multi-light double-hung windows, and a main door enframed with side lights and a transom light above.
Source: Madison Landmarks Commission
http://www.cityofmadison.com/planning/landmark/Madison%20Landmarks.htm


More about Old Spring Tavern

Old Spring Tavern was a stagecoach stop on the old Madison-Monroe stagecoach road, which led to southwestern Wisconsin’s lead mining area.

The Monroe Road was the first public road designated by the territorial legislature in 1838 and one of only 18 territorial mail routes. The route, which roughly corresponds to the present Highway 69, actually followed American Indian trails as far south as Freeport, Illinois.

The Old Spring Tavern is named for its principal asset, the spring used for watering the horses and oxen of travelers, located behind the tavern. When James W. Gorham acquired the tavern and 60 acres for $9000 in gold, the tavern became known as Gorham’s Tavern and the spring became known as Gorham’s Spring.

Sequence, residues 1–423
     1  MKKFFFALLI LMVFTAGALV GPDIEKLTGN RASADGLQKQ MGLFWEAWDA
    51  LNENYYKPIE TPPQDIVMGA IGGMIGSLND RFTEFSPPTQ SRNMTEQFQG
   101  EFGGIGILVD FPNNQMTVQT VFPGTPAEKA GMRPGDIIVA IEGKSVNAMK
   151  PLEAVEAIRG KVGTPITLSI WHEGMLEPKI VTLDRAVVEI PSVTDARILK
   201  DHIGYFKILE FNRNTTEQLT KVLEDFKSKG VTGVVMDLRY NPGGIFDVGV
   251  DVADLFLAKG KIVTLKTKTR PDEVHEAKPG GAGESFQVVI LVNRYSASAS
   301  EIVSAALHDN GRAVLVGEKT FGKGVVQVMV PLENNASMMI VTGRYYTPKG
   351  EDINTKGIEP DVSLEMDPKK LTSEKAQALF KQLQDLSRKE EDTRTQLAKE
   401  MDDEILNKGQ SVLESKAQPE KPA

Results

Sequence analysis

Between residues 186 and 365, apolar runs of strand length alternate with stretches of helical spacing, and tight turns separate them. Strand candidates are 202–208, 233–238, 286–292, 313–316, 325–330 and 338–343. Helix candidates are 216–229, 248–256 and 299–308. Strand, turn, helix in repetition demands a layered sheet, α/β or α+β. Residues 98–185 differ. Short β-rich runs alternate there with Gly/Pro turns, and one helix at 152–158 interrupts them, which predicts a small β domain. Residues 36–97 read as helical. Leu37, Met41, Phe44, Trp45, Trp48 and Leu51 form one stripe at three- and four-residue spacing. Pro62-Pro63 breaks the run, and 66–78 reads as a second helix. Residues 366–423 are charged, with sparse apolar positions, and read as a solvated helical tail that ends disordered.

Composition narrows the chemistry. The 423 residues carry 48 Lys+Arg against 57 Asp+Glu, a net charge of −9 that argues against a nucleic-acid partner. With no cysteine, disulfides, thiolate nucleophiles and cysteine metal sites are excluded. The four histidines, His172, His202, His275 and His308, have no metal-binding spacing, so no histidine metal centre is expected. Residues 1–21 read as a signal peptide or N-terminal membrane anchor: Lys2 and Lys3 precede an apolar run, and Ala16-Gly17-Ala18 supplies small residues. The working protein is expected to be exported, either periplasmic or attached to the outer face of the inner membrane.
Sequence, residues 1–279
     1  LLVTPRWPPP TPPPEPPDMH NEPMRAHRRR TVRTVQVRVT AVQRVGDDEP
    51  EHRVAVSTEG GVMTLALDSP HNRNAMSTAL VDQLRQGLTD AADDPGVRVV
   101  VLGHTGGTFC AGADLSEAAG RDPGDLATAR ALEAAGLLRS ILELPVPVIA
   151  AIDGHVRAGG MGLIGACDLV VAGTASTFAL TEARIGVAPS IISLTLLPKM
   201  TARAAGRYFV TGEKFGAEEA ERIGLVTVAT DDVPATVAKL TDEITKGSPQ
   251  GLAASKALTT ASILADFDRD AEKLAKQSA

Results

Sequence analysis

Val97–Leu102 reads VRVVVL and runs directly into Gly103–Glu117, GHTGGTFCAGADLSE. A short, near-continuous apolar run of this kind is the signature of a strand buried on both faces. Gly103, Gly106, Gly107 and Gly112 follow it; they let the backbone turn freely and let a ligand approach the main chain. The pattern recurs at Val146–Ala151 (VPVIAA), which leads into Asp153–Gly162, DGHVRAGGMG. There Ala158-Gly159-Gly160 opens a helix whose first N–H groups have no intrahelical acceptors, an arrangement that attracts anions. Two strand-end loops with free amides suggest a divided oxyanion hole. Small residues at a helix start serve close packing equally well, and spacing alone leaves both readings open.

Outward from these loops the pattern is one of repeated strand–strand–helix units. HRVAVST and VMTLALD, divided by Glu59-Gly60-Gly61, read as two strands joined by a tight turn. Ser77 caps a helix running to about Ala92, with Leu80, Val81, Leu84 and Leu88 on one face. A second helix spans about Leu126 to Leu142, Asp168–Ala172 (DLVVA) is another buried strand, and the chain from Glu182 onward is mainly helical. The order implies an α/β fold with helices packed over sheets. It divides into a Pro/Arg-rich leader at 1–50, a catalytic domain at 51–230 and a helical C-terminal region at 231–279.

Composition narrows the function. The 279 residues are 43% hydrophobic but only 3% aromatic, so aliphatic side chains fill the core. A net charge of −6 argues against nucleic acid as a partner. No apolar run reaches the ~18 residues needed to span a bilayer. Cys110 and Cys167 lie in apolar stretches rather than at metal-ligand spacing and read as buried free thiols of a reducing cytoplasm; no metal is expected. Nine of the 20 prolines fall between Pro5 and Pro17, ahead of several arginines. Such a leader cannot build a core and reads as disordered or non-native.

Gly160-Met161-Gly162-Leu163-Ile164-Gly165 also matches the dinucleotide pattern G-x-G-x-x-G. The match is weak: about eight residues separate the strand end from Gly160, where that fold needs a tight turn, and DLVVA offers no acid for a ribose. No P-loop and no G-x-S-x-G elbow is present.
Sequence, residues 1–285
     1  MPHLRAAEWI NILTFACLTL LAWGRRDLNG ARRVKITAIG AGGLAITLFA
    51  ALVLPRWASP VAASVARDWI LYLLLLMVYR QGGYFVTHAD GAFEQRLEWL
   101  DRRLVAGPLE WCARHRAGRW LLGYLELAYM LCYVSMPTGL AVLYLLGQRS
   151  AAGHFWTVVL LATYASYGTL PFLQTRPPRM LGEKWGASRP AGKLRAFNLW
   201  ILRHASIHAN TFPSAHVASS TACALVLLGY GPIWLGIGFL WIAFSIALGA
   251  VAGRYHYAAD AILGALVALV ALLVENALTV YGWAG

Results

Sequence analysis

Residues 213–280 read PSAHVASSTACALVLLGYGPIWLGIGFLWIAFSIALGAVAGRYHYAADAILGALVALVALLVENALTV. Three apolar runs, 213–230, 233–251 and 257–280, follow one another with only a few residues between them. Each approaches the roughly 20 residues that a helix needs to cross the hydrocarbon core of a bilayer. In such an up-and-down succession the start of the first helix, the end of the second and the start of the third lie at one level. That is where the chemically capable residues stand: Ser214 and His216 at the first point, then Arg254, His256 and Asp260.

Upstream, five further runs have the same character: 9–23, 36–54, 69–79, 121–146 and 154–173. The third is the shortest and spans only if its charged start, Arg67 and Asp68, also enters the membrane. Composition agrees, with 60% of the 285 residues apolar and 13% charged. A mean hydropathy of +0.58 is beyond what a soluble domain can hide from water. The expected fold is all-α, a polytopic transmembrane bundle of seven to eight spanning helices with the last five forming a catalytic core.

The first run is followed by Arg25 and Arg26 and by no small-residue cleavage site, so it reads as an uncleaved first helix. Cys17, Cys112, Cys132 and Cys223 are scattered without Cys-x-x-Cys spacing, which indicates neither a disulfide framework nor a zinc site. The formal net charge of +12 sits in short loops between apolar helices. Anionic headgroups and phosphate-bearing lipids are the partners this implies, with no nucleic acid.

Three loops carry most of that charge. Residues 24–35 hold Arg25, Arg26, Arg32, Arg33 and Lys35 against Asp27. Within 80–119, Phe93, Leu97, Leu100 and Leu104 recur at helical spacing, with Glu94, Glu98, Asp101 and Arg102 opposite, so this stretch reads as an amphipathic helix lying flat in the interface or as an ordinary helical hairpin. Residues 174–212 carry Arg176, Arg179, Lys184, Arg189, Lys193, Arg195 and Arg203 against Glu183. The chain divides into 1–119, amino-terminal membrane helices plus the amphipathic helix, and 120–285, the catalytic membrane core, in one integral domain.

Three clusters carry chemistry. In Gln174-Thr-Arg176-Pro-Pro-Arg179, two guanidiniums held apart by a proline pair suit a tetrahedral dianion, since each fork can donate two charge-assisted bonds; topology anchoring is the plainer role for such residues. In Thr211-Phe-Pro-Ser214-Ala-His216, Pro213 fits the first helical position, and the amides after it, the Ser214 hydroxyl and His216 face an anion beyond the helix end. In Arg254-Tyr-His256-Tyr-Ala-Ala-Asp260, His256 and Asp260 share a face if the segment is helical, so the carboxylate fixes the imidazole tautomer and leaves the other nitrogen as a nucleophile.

Originally the old stage road passed to the northwest of the house in what is now the rear yard. The current Nakoma Road was built later between the house and the spring. The spring is now part of the University Arboretum, a duck pond draining into Lake Wingra.

The building’s original entry now faces the rear of the house at the bottom of a steep slope on
Old Spring image. Click for full size.
By Bart Cianciolo, July 17, 2010
4. Old Spring
Spring and duck pond, now part of the University Arboretum. House is visible in the background.
Council Crest. The current entry faces Nakoma Road and the spring. In the 1920’s, a two-story Chippendale porch was added to the front of the house overlooking the spring.